Prefer App Aims to Reinvent the Gig Economy with Client Relationships

The gig economy has given so many more options to professionals looking to provide services, and to businesses and individuals looking to hire skilled professionals. But the process hasn’t always been very personal.

Typically, when someone is looking to hire a professional, they might look for reviews online or even use an app to find the closest service provider. But now, there’s an app that’s aiming to make personal recommendations a bigger part of the process.Prefer App Aims to Reinvent the Gig Economy with Client Relationships

The Prefer App

The app is called Prefer. It’s one part review site and one part social network. Instead of simply searching for a service provider and seeing a one-dimensional ratings scale, you can use the app to connect with people you know and trust and then see their personal recommendations.

This type of thing could be a big win for those working in the gig economy. If you’re a professional who values building relationships with clients and providing really top-notch service, personal recommendations can be a whole lot more effective than a simple star rating that’s based mostly on the opinions of strangers.

Personal recommendations have always been a big part of how small businesses succeed. But for ages, those referrals have taken place mainly by word of mouth. If an app like Prefer can help businesses and professionals leverage technology to increase the reach of those personal recommendations, it could mean a big boost for the gig economy as a whole.

Currently, the service is only available in New York City. But those interested in using the Prefer app in other cities can sign up to be alerted when it becomes available.

5 Industries Struggling with the Current Economy

Now that the market is strong for many industries, and banks are feeling more generous when it comes to lending, entrepreneurs around the country are considering business startups. However, it’s important to recognize that the market has major ups and downs, and with 90 percent of startups failing, it’s best to avoid a tanking industry. Here are a few things you should know about struggling industries and how to avoid any detrimental experiences.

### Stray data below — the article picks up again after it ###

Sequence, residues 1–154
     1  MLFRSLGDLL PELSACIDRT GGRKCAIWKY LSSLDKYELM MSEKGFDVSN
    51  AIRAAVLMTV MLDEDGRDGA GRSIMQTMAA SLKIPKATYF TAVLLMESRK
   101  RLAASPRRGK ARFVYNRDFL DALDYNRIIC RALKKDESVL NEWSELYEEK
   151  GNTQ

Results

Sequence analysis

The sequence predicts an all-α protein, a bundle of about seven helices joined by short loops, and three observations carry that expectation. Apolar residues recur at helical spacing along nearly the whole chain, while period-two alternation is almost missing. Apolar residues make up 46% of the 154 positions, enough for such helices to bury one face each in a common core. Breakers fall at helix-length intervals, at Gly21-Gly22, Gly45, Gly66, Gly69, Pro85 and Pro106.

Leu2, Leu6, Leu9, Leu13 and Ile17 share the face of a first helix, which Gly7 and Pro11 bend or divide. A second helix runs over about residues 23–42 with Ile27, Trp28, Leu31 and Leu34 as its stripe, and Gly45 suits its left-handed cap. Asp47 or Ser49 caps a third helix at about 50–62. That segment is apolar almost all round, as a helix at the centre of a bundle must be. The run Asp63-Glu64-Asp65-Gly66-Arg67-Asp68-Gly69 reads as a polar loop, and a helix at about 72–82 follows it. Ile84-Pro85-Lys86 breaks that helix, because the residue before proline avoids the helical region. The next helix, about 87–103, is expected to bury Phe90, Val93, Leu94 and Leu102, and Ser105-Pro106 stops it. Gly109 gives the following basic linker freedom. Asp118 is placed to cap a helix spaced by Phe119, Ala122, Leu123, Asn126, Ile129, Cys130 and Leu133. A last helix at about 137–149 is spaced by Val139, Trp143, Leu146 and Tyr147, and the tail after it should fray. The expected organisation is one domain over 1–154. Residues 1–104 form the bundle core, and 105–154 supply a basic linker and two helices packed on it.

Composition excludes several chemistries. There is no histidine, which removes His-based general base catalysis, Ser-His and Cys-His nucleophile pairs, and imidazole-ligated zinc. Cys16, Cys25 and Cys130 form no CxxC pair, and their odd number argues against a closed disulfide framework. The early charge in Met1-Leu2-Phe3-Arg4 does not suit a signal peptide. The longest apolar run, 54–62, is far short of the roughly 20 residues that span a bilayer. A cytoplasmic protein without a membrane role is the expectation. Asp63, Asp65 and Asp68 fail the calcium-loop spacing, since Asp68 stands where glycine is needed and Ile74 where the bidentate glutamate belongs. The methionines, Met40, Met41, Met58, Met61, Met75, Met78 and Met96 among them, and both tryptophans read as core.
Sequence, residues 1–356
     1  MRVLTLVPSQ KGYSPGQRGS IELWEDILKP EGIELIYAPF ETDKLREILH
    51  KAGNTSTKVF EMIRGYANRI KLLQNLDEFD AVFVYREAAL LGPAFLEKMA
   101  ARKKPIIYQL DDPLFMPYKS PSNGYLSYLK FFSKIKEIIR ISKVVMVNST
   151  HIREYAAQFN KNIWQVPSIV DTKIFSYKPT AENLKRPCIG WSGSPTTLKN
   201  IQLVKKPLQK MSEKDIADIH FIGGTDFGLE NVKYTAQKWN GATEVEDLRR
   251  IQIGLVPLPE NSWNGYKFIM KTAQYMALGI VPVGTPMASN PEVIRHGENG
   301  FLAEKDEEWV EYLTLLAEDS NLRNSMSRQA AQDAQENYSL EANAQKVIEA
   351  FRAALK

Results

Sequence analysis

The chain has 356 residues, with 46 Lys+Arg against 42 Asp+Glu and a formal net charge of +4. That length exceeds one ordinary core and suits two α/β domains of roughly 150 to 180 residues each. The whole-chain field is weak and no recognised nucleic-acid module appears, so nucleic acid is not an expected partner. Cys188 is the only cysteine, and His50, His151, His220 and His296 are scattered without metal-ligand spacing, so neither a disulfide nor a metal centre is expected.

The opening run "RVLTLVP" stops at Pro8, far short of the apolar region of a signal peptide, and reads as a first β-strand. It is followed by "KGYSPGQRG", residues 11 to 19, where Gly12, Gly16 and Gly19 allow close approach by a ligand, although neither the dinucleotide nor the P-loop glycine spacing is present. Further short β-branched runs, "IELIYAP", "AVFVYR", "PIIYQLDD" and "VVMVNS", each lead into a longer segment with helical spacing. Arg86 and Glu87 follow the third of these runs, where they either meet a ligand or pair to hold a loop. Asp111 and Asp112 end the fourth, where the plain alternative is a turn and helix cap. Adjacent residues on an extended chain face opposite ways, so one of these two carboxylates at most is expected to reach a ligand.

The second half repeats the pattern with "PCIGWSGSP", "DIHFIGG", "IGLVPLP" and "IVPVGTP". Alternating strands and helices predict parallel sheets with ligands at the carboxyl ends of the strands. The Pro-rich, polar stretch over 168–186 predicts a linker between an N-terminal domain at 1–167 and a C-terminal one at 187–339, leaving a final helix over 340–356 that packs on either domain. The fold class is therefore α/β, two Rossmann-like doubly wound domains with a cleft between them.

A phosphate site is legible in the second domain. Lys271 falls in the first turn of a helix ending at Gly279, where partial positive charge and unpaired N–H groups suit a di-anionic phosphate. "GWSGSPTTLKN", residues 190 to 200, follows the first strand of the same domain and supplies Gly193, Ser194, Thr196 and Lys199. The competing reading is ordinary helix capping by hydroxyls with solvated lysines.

1. Oil

Oil and gas companies are struggling severely right now. While oil and gas experienced an economic boom at the end of the second quarter in 2014, things have made a turn for the worst. The number of operating oil rigs has diminished significantly, as the price of a barrel of oil has been cut almost in half since June 2014.

Hundreds of thousands of workers have lost their jobs as a result of uneven supply and demand. In the United States, oil production has nearly doubled over the last six years. It was booming at the start, but since that time, we can’t keep up with the endless supply of oil that has been drilled.

Though every oil company has taken a direct hit, many have been able to fight the economic downturn by improving their efficiencies.  This involves cutting capital expenditures and reducing debt. By cutting down on any unnecessary expenses and labor costs, these companies have been able to find a productive niche in a difficult economy. This will keep them going until the oil industry improves.

2. Gas Stations

As a direct result of the oil downturn, gas stations are also having a difficult time turning a profit. Gas and diesel prices are among the most competitive in the country, and since gas stations have had to lower their prices significantly to stay competitive, revenues have remained fairly stagnant. Sales have fallen 1.4 percent as gas stations struggle to stay afloat in an economy where oil is at a surplus.

Once again, the best way to fight against this struggle is for gas companies to improve efficiency. Reducing labor costs, improving facilities, and making employees more productive can reduce debt expenditures.

3. Grocery Stores

Though food is an ever-present need, small-chain grocery stores have struggled recently. This is mostly due to the boom of online shopping. Major retailers have begun providing online shopping for groceries, which makes it difficult for the little man to compete. In addition, big box stores often receive products in wholesale quantities, which means that they can offer far better prices than smaller stores.

Independent stores have their work cut out for them when it comes to beating out their larger competitors. In this instance, it’s best for storeowners to take a look at their marketing tactics. What can they offer to consumers that big stores can’t? Focus is generally on better customer service, weekly sales, event sponsorships, and local marketing. Even though large corporations are known for their better prices, smaller companies can be known for their pleasant atmospheres.